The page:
Research on the Psychedelic Afterglow
The psychedelic afterglow is under-researched. But what we do know about it is illuminating. For example, a 2020 study conducted by Matthias Forstmann and colleagues from Yale University found that the social connectedness and mood enhancements related to the afterglow period were most pronounced in those participants who had journeyed within the last 24 hours, compared to those who tripped within the past seven days. The afterglow effects were seen to slowly diminish over time.
The researchers also found that there was a statistically significant causal relationship between self-reported transformative experiences and persisting enhancement of positive mood. ‘Transformative experiences’ are those that are so profound that they cause people to radically change, including in terms of their moral values. In other words, a subjectively positive trip will likely produce more intense afterglow effects.
A 2015 systematic review carried out by Tomislac Majić and his colleagues used Walter Pahnke’s description of the psychedelic afterglow from 1969: “[an] elevated and energetic mood with a relative freedom from concerns of the past and from guilt and anxiety.” Pahnke also noted that a willingness “to enter into close interpersonal relationships is enhanced”.
Majić et al. draw attention to the work of B. J. Albaugh and P. O. Anderson in 1974 and state, “During the afterglow period, the effectiveness of psycho-therapeutic interventions is reported to be enhanced until the afterglow gradually subsides after a period of between two weeks and a month”. The authors also observe that the ritual use of ayahuasca by members of União do Vegetal (UDV) is separated by intervals of two weeks, which is often the reported duration of the afterglow phenomenon.
In addition, Majić et al. refer to the work of Roland Griffiths and other colleagues from 2006, which found that the positive behavioural changes elicited by psychedelic use greatly outlast the afterglow effects.
The amplified sensory and emotional activity seen as central to the afterglow period is likely caused by psychedelics’ ability to increase both neurogenesis (the growth of new neurons) and neuroplasticity (the growth in the number of connections between neurons). These are also known as psychoplastogenic effects.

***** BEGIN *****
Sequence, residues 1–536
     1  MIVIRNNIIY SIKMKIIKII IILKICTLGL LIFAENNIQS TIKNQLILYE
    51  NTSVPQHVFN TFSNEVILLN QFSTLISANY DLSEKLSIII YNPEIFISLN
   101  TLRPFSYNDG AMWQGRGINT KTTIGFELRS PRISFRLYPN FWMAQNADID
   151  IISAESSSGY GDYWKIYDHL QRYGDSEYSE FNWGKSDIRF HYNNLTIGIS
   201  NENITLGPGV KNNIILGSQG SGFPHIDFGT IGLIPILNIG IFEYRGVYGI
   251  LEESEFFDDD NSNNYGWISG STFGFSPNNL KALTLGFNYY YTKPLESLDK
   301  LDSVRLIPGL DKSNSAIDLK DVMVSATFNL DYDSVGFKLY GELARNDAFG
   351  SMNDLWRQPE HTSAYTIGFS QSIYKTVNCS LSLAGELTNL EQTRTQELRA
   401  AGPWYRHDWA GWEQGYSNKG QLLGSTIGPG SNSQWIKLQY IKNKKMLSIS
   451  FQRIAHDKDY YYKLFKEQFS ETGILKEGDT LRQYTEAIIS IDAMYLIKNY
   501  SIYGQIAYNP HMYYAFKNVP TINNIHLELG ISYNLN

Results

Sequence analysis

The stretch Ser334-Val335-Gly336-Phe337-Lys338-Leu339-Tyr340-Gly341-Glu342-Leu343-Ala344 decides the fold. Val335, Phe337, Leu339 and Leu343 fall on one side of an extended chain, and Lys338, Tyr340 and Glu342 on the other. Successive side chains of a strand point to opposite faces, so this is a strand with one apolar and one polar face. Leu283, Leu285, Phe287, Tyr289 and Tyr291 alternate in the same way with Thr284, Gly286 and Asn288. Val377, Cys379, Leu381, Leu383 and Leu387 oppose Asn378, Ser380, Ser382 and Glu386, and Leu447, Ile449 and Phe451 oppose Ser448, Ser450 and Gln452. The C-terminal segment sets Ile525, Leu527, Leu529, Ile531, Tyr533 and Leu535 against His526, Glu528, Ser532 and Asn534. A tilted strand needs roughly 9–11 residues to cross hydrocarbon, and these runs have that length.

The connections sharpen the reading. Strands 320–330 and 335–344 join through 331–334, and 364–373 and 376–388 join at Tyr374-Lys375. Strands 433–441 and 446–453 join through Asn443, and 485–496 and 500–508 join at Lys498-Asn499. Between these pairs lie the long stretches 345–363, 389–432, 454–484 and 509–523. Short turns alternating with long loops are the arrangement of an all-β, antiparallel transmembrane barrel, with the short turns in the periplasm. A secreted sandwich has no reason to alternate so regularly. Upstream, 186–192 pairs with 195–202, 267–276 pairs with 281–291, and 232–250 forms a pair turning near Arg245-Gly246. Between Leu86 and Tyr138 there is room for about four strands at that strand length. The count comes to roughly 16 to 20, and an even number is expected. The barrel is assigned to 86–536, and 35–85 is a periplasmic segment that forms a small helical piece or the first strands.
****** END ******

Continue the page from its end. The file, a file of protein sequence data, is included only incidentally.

In his latest book, The Psychedelic Handbook (2022), DMT research pioneer Rick Strassman writes that “these [psychoplastogenic] effects continue over time — a couple of weeks to a month — and may correspond in humans to the afterglow or “critical period” during which milder but real benefit continues to accrue after one’s drug session. Remember, too, that this critical period is one in which the effects of psychotherapy may be especially powerful”.
To experience long-lasting benefits from psychedelics, then, you really want to make the most of the afterglow period. Many individuals find themselves enjoying a short period of afterglow, only to find, dishearteningly, that it goes away, with negative patterns of thinking, feeling, and behaviour returning. But by focusing on new and healthier activities and habits during the afterglow or ‘critical’ period, including sessions with a trusted and empathetic psychotherapist, you will increase your chances of experiencing long-term well-being, even when the afterglow inevitably fades away.